A very woke child. (iStockphoto)

This is part of an occasional series in which we explain Internet things. We like to call it memesplaining; you might call it meme-ruining. Regardless, if you just chanced upon an image macro, hashtag, app or GIF you don’t understand, we have the answers — insofar as answers can be had.

The meme: Woke Toddlers

What it is

Woke Toddler is a comedy trope, seen most often on Twitter, that involves “quoting” the precocious political or cultural observations of one’s young son or daughter. In their proper, ironic usage, these pronouncements are fictions intended to mock smarmy liberal parents.

Of course, the smarmy parents are also out there tweeting their kids’ verbal gems, so … sometimes it’s hard to tell the difference.

Where it started

This is very much a Weird Twitter phenomenon: The short dialogues lend themselves to 140 characters. That said, you can find adults advertising their kid’s brilliance — and thus, their own — on virtually any/every platform, from Facebook to “Honor Student” bumper stickers. In the sense that Woke Toddlers evolved to parody that practice, we might as well say it started everywhere at once.

Who started it

When the Daily Dot’s Jay Hathaway chronicled the “Woke Toddler” in March, he traced the meme back to a series of tweets the policy analyst Sean McElwee sent about his (fictional) Marxist children in January. McElwee has nothing against kids — woke or otherwise — but he was growing increasingly bemused at the absurdity of the anecdotes people were tweeting about their children. Many of them struck him as totally unrealistic, and even the most lifelike ones seemed sort of pompous.

“I wouldn’t say it bothered me really, I’m proud as hell of nieces and nephews and brothers and sisters and brag about it on Twitter,” McElwee explained by email. “It was just getting to this level where it was sort of comical, both how woke these kids are supposed to be and how the parents are so proud their children are spouting back their ideas to them.”

So McElwee invented the original Woke Toddler: a kid who is “super Marxist and insightful and sees both interaction with his/her siblings and the world as woven with a Marxist politics.” In case you’re wondering what that child would sound like:

Woke Toddlers got another bump in March, when the novelist and Esquire columnist Stephen Marche made his own unironic (and arguably pretty eye-rolly) Woke Child tweet. By his own account, Marche was reading a Jonathan Chait column about Trump in New York magazine when his daughter looked over, saw Trump’s picture, and asked Marche why Trump looked “so afraid.” Marche then tweeted the question …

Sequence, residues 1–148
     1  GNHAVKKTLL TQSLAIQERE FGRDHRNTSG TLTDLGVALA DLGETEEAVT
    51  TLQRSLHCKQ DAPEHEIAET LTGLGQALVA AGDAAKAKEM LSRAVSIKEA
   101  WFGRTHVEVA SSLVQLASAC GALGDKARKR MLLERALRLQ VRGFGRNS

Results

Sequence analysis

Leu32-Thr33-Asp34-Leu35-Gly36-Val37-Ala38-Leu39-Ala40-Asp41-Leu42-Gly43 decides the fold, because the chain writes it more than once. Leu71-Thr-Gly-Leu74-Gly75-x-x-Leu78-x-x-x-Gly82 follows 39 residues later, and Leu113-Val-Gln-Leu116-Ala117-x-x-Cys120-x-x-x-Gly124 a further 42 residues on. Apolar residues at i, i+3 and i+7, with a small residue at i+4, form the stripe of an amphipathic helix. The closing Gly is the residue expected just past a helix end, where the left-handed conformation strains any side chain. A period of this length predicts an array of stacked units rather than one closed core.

… to an onslaught of parodies.

Quoth Marche to the Intersect: “The Internet is so f—ing depressing.”

How to use it like you know what you’re doing

By now, one thing should be exceedingly clear: If you tweet about your child’s political or cultural precociousness, you must be joking. Otherwise, you’re not doing the Woke Toddler — you’re embodying the very sort of self-congratulatory parental smugness that it seeks to parody.

This was recently the mistake of Clara Jefferey, editor-in-chief at Mother Jones, who on July 25 tweeted the trenchant political query of her 8-year-old, Milo.

That tweet, as you can see, was RTed 40 times — and the @-replies to it are at least double that. Mostly, they come from trolls insisting that Jeffery made the anecdote up, or from self-styled comedians tweeting their own Woke Kid’s thoughts back. “My five year old … has doubts about this story,” one weird tweeter tweeted. “OMG,” wrote another, “my embryonic nonbinary child … just asked me what ‘woke’ means, how to respond??”

Jeffery, for her part, did not seem to get the joke, which only made it funnier.

A smart observation to make at your next nerdy dinner party

Sixty-five percent of children end up adopting their parents’ political beliefs — so it is actually somewhat less than astounding when someone’s views or anxieties are parroted by their pint-size offspring.

Oh, also: The Internet really hates sincerity.

And last but not least, further reading: